In percentage terms, there have been somewhat larger percentage declines in the abortion rate during Democratic Presidential administrations than during Republican Presidential administrations. However, it is by no means clear that these declines are due to any policy change enacted or legislated by these Democratic Presidents. It should also be noted that policy changes at the state level likely have a larger impact on the incidence of abortion than policy changes at the federal level. Furthermore, in both 1994 (during the Clinton administration) and in 2010 (during the Obama administration), Republicans made significant gains in many state legislatures.  This led to an increase in the number of state level pro-life laws, many of which were upheld by judges appointed by Republican Presidents.

Do robust social policies (such as in Hungary and Israel) have an impact on the abortion rate?

The research on the impact of social policies on the abortion rate is mixed. However, the Hungarian government should be lauded for their efforts to reduce the incidence of abortion in Hungary. They have invested money in educational efforts encouraging women to carry pregnancies to term. They have increased the maternity benefit and the child care allowance. They have also offered free or reduced cost services for children. Between 2010 and 2019 the abortion rate in Hungary fell by over 35 percent. There was also a study in the journal “Labour Economics” which showed that increased maternity leave benefits reduced the probability of abortion in Romania.

These sorts of policies are not a substitute for enacting pro-life laws. Pro-lifers want to see a world where all unborn children are protected in law and welcomed into life. However, the policies that have been enacted in Hungary and Romania certainly merit attention from pro-lifers.

What, in your view, is actually bringing the abortion rate down?

An important reason for the decline in the U.S. abortion rate is because a higher percentage of unintended pregnancies are being carried to term. According to data from the Guttmacher Institute, 54 percent of unintended pregnancies were aborted in 1981. In 2011 (the most recent year for which we have data), only 42 percent of unintended pregnancies resulted in an abortion.

I often present this statistic to pro-life audiences because it nicely demonstrates that the efforts of pro-life activists have been effective at reducing the abortion rate. If more unintended pregnancies are being carried to term that means that 1) hearts and minds are being changed, 2) there are more resources available to assist pregnant women or 3) protective pro-life laws are now in place.
All of this nicely shows that pro-life educational, service, and legislative efforts have all been effective.

Is it true that the most recent data shows a slight uptick in the abortion rate?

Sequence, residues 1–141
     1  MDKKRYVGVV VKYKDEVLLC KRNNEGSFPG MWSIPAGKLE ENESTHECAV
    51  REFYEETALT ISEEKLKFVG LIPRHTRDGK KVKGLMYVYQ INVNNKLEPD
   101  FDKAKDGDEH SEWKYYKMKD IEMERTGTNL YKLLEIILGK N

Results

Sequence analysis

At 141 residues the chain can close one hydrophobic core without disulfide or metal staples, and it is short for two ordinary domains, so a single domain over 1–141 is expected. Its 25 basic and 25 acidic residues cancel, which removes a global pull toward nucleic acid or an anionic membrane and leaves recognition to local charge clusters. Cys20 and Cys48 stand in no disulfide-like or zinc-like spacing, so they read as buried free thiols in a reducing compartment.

A recent analysis published by the Charlotte Lozier Institute found that abortions in the United States increased by 1.78 percent between 2017 and 2018. This is partly due to an increase in chemical abortions.  There is some preliminary data from Florida which may indicate that the incidence of abortion may be increasing this year.

There are also anecdotal reports from abortion facilities and abortion funds which indicate that the incidence of abortion has increased during the pandemic.

These reported increases in the incidence of abortion certainly do not undo the impressive, long-term progress that pro-lifers have made reducing the abortion rate. However, as always, pro-lifers should continue to be vigilant.

Jonathon’s new podcast, The Van Maren Show, is dedicated to telling the stories of the pro-life and pro-family movement. In his latest episode, he interviews Marjorie Dannenfelser from the Susan B. Anthony List who tells Van Maren that this election is crucial for the pro-life movement. Dannenfelser warns listeners that if the Democrats win, it will have a generational impact, as the left will fight to take away the core principles of our nation's founding.

You can subscribe here and listen to the episode below: 

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Jonathon Van Maren is a public speaker, writer, and pro-life activist. His commentary has been translated into more than eight languages and published widely online as well as print newspapers such as the Jewish Independent, the National Post, the Hamilton Spectator and others. He has received an award for combating anti-Semitism in print from the Jewish organization B’nai Brith. His commentary has been featured on CTV Primetime, Global News, EWTN, and the CBC as well as dozens of radio stations and news outlets in Canada and the United States.

He speaks on a wide variety of cultural topics across North America at universities, high schools, churches, and other functions. Some of these topics include abortion, pornography, the Sexual Revolution, and euthanasia. Jonathon holds a Bachelor of Arts Degree in history from Simon Fraser University, and is the communications director for the Canadian Centre for Bio-Ethical Reform.

Jonathon’s first book, The Culture War, was released in 2016.